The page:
Jason Bourne takes a mission to rescue his only friend in the CIA, Martin Lindros, who disappeared in Africa while tracking shipments of yellowcake uranium. Once safely back in America, Lindros persuades Bourne to help track the money trail of terrorists buying the nuclear material in Odessa. But once there, Bourne is hampered by confusing flashbacks of unfamiliar places and events and he wonders: Is someone brainwashing him in order to throw him off the trail? Worse, is the man he saved in Africa really Martin Lindros? Now, Bourne must gather evidence while trying to stay one step ahead of the terrorists who won't let anyone stand in their way of destroying the U.S.



Jason Bourne's nemesis, Arkadin, is still hot on his trail and the two continue their struggle, reversing roles of hunter and hunted. When Bourne is ambushed and badly wounded, he fakes his death and goes into hiding. In safety, he takes on a new identity, and begins a mission to find out who tried to assassinate him. Jason begins to question who he really is, how much of him is tied up in the Bourne identity, and what he would become if that was suddenly taken away from him. Meanwhile, an American passenger airliner is shot down over Egypt by what seems to be an Iranian missile. A massive global investigative team is assembled to get at the truth of the situation before it can escalate into an international scandal. Jason Bourne's search for the man who shot him intersects with the search for the people that brought down the airliner, leading Bourne into one of the most deadly and challenging situations he has ever encountered. With the threat of a new world war brewing, Bourne finds himself in a race against time to uncover the truth and find the person behind his assault, all the while being stalked by his unknown nemesis.


The Bourne Objective is the upcoming eighth novel in the Bourne series by Eric Van Lustbader. The book is set to release in the summer of 2010, sequel to The Bourne Deception. This novel is about how Jason Bourne must now contribute in a secret FBI search for a serial killer unknown to America and could be a serious threat to the United States. The unknown killer plans to destabilize the American economy and taking over the country himself rebuilding it into his own kingdom as a dictatorship.

Television movie

In 1988 a two-part made-for-television movie of The Bourne Identity aired on ABC. It starred Richard Chamberlain in the role of Jason Bourne and Jaclyn Smith as Marie St. Jacques. The TV movie was largely faithful to Robert Ludlum's novel, both in plot as well as in the portrayal of the character of Jason Bourne.

Film universe

In the films, the character of Jason Bourne, portrayed by Matt Damon, is a much simpler character than the one described in the novels. The background story omits the Vietnam War and the character of Carlos the Jackal.


In the film, Bourne was born in Nixa, Missouri. He joined the Army, eventually volunteering for Special Forces, becoming a Green Beret and attaining the rank of Captain. His dog tags identified him as being Catholic. It was here that he was offered the opportunity to volunteer for Operation Treadstone, under which he endured behavioral modification, involving sleep deprivation, repeated submerging in water, gagging and binding. His final test was to kill a man, after which he was informed that his transformation into Jason Bourne was complete. He initially refused to shoot the unknown man, but after persuasion he capitulated and killed the subject.

Bourne was highly trained in the CIA's protocols and trade crafts. His skills include expertise in hand-to-hand combat, firearms, knives, and explosives, handling numerous vehicles, and speaking fluent English, French, Russian, German, and Spanish. He may also speak Arabic, Dutch and Hungarian. Although he has never shown speaking Portuguese, he holds a Brazilian passport as Gilberto do Piento and a Portuguese passport.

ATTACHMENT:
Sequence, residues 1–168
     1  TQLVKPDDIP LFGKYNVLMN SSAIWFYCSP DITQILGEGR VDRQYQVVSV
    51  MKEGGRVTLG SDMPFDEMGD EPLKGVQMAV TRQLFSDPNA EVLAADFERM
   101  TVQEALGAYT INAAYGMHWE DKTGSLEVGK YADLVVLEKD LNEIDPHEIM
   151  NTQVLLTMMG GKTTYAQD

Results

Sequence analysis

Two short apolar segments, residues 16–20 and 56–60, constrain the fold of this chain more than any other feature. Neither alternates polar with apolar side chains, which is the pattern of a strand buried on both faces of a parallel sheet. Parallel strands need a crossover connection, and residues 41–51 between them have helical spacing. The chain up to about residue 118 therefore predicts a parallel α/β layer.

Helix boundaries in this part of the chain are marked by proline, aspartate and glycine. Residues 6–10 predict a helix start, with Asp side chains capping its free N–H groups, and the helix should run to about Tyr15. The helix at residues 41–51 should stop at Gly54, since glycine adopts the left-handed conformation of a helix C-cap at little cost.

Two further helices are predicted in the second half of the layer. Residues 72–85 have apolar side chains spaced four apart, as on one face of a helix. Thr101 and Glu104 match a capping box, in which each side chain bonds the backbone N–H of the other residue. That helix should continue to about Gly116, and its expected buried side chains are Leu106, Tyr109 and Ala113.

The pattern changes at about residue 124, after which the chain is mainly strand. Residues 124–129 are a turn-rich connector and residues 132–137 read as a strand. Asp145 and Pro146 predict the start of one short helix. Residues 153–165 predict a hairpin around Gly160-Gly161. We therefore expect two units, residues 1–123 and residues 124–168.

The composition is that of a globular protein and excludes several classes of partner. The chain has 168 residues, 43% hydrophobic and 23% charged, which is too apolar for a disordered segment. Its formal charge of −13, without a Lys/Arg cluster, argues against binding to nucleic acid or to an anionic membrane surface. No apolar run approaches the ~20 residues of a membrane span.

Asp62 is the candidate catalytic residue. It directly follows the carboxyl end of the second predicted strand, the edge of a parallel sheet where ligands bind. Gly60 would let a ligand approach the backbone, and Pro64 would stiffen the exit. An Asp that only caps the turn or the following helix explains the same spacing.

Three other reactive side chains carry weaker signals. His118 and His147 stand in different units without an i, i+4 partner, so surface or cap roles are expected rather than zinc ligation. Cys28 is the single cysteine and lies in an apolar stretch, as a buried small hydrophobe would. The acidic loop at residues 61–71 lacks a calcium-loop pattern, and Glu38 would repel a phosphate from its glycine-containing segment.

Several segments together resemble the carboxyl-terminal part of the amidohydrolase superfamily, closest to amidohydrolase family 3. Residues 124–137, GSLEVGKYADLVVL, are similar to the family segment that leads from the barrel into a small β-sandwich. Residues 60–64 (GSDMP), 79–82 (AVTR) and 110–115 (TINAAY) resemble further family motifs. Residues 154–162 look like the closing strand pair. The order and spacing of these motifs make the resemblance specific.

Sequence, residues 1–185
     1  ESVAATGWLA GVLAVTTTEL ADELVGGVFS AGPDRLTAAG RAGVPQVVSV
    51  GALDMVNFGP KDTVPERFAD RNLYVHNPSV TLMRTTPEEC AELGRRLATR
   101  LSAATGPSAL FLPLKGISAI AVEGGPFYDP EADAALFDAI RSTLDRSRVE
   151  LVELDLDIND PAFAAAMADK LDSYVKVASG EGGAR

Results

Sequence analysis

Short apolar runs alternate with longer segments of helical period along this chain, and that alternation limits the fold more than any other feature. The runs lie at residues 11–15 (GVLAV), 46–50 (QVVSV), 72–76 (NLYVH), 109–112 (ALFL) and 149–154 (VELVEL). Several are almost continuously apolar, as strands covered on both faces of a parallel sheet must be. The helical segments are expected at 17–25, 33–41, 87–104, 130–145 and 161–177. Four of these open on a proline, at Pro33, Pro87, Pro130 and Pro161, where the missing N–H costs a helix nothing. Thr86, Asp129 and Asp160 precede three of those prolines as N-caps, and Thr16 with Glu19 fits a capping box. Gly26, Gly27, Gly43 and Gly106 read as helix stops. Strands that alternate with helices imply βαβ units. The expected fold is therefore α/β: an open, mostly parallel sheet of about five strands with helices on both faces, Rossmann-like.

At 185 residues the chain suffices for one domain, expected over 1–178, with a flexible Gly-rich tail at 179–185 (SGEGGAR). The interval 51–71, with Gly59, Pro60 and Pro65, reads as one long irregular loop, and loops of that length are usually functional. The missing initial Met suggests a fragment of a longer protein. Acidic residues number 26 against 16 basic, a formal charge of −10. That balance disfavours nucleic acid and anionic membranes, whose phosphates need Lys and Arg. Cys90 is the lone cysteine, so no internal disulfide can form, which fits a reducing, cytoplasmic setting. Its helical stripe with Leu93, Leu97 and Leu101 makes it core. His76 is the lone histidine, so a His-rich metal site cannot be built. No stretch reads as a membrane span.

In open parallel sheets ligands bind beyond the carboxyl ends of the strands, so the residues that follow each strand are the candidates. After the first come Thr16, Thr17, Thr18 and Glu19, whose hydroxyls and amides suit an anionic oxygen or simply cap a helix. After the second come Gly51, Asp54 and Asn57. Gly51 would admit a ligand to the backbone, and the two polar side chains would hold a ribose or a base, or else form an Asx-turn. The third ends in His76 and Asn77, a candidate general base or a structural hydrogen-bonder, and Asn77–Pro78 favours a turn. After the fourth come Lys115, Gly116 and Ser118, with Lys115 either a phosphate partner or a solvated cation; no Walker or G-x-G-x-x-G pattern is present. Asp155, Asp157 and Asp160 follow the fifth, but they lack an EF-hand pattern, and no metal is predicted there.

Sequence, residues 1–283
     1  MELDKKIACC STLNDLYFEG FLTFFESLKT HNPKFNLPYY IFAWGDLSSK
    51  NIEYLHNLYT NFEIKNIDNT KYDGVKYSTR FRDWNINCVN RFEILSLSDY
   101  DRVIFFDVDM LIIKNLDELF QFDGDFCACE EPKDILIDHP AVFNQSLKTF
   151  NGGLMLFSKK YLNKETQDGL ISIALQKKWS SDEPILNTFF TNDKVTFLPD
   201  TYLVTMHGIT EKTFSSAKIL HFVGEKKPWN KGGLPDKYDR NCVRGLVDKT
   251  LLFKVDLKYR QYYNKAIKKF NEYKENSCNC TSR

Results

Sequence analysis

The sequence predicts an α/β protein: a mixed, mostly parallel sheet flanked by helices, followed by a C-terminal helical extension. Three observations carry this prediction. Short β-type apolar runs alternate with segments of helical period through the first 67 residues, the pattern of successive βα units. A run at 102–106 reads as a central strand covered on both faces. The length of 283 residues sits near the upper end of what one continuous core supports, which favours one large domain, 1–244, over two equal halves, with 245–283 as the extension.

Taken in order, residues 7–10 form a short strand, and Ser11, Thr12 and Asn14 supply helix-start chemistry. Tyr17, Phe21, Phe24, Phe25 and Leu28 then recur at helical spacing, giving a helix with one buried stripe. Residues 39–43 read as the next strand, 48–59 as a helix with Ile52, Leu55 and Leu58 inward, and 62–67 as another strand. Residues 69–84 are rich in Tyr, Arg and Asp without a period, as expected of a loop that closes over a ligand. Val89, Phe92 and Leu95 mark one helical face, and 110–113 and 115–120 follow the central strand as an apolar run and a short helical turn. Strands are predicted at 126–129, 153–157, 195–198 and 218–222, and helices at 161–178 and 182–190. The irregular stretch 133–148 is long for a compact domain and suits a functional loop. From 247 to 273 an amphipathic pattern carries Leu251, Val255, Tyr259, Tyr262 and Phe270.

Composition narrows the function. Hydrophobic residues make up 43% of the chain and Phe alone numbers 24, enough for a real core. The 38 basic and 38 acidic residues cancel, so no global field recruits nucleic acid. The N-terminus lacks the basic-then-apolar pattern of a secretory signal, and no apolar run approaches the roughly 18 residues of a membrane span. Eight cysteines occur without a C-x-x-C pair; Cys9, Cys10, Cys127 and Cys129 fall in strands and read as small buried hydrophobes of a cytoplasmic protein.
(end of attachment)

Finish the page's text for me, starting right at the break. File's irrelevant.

Once his training was complete, Bourne was deployed as a covert assassin. He completed his missions mechanically, without knowledge of his subjects' identity or the crimes they had allegedly committed. On a job in France, he had a sudden attack of conscience when he saw his target in the company of his children. Bourne aborted his mission, and was shot in the back twice while attempting to escape. He awakens with his memory gone.

The character of Bourne in the films is a very quick-thinking, linear type of person who moves quickly and brutally towards his goal. He gives the impression of someone who has been severely traumatized and who is suffering from paranoia. He is tormented by fragment memories of his past. He is highly adept at hand-to-hand combat. He also shows an immediate ability to utilize lateral thinking to solve problems. He sometimes uses improvised weapons, for example using a pen to stab an assassin in The Bourne Identity and using a book and a towel in The Bourne Ultimatum. He is shown using tactical improvisation such as using a fan, torch light and tape to fake his location (The Bourne Ultimatum) and gas, a toaster and a magazine to cause an explosion (Bourne Supremacy). He is also proficient with firearms, explosives, electronics and evasive protocols — for moving, driving, and the like.


Video games

A video game titled The Bourne Conspiracy was released in 2008 for the Xbox 360 and PlayStation 3.

The Ludlum estate obtained the rights to the video game franchise and sold it to Electronic Arts in 2009. EA plans to make several Bourne games. The first Bourne game will be developed by Starbreeze Studios.[4]


The Bourne franchise consists of several novels, movies, and a video game, all featuring one of the several versions of the Jason Bourne character.


  1. ^ “The Bourne Identity” by Robert Ludlum » Pbur’s Adventures
  2. ^ "Exclusive Matt Damon Interview". 12 November 2009. p. 6. Retrieved 22 November 2009. 
  3. ^ Sperling, Nicole (2009-12-04). "Matt Damon on 'Bourne 4': 'I wouldn't do it without Paul Greengrass'". Entertainment Weekly. Retrieved 05 December 2009. 
  4. ^ GameSpot News: Bourne license surfaces at EA